One of Merton’s aims, besides bringing the issue to attention, was to examine the causes for the phenomenon. He holds that there are four main causes: ignorance, error, immediacy of interest, and adherence to basic values. The Wikipedia entry adds a fifth: the relevance paradox. To my mind, though, I think that only the first two are the actual direct causes and that the other three are causes for those causes. There are a number of causes of both ignorance and error, and those other three should be analysed as part of the analysis of those causes.

The cause in ignorance is that, for whatever reason, the actor did not possess prior to all the information or techniques of interpretation of that information that were relevant to desired outcomes. This could be for entirely innocent reasons, such as simple ignorance, or an inadequate education, or the forecast marginal cost of gaining information being greater than the forecast marginal revenue, or an immediate need to act even in awareness of not possessing all the information, and so on. Ignorance could also arise out of not-so-innocent reasons, varying in their degree of evil, ranging from impatience, slapdashery and other laziness to outright evasion and pretence.

The cause in error is that, for whatever reason, the actor did not employ proper methods to gain or interpret information or techniques of interpretation (note a suggestion of recursion regarding methods to learn methods, which is actually a reference to the need to understand the spiral nature of induction and to be able to reduce knowledge to perceptual data). Innocent reasons for error include interruptions of trains of thought, other distractions, and the general fallibility of men. Not so innocent reasons are the same as for ignorance, varying in their particulars.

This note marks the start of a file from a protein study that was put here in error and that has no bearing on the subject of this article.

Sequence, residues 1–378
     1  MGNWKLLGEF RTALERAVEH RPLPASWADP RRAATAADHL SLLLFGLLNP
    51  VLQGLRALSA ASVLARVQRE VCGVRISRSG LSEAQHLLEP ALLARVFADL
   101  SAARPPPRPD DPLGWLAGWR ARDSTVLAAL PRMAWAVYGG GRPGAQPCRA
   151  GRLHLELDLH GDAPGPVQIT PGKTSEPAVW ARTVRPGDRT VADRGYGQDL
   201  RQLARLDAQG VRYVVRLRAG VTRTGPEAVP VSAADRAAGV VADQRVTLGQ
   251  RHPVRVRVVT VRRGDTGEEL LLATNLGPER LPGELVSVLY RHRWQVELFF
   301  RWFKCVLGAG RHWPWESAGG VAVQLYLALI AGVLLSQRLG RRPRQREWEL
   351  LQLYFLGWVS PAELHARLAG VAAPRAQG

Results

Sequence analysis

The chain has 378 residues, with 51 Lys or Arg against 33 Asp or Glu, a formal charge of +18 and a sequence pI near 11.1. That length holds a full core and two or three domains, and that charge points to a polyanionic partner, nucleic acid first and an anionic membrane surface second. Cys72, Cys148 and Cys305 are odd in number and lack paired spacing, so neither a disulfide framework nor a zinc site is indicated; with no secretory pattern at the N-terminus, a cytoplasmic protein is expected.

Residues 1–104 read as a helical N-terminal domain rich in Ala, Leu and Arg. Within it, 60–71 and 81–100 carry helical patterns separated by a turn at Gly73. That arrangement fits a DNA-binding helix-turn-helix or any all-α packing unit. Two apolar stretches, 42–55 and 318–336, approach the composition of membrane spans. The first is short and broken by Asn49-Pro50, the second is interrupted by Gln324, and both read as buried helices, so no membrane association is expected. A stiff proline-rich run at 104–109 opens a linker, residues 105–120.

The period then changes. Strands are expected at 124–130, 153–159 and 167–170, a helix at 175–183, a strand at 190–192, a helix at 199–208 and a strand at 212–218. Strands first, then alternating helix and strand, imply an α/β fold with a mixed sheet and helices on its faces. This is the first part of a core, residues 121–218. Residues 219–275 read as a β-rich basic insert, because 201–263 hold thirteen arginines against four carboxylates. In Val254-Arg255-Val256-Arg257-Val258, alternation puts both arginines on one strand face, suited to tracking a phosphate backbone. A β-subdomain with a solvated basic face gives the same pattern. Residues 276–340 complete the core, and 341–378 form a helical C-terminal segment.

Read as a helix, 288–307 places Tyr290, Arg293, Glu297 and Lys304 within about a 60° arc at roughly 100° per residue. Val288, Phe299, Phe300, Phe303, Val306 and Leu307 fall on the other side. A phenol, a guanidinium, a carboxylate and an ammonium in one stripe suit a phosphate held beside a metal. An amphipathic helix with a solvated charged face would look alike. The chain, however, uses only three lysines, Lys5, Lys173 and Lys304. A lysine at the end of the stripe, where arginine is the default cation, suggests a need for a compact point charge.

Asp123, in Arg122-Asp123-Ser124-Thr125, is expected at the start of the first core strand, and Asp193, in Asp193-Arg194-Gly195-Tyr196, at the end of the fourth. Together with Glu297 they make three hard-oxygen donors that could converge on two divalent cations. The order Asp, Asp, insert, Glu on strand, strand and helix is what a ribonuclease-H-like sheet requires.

Immediacy of interests: concern for consequences in the immediate future comes at the expense of concern for consequences further down the track. Distinct from begin in a rush. Also distinct from knowing those further consequences while not caring because of having no reason to care, ie distinct from the apres-nous attitude. IoI applies when people would personally regret their actions at a later date. Is a cause of both ignorance and error: ignorance through failing to pursue required information or technique because of the future being relatively unreal, and error through underweighting their importance.

Basic values: certain actions are taken because of felt need to act in consistency with moral norms. Again, causative of both ignorance and error. Currently predominantly sinful, because of evasion of questioning those norms and hence both ignorance and error. Need not be sinful and will, among fully rational people, actually be part of what is normal, and perhaps the greater part of causes for the Law playing out. In the face of incomplete knowledge of detail (an inevitability, varying only in hierarchical degree) one must act according to principle. This but the root of the need for rational moral principles! Like it or not, this then leads to Merton’s “basic values”. No business treating this as a wholly separate issue, therefore - possible cross-ref of Merton’s sociology perspective to Schumpeter’s annoying superciliousness towards the very concept of morality in HEA?

Relevance paradox: information or technique was not obtained because of a lack of awareness of the need to pursue that information or technique. The identification of the need for them would only arise after they had already been attained. This is an instance of ignorance as causative.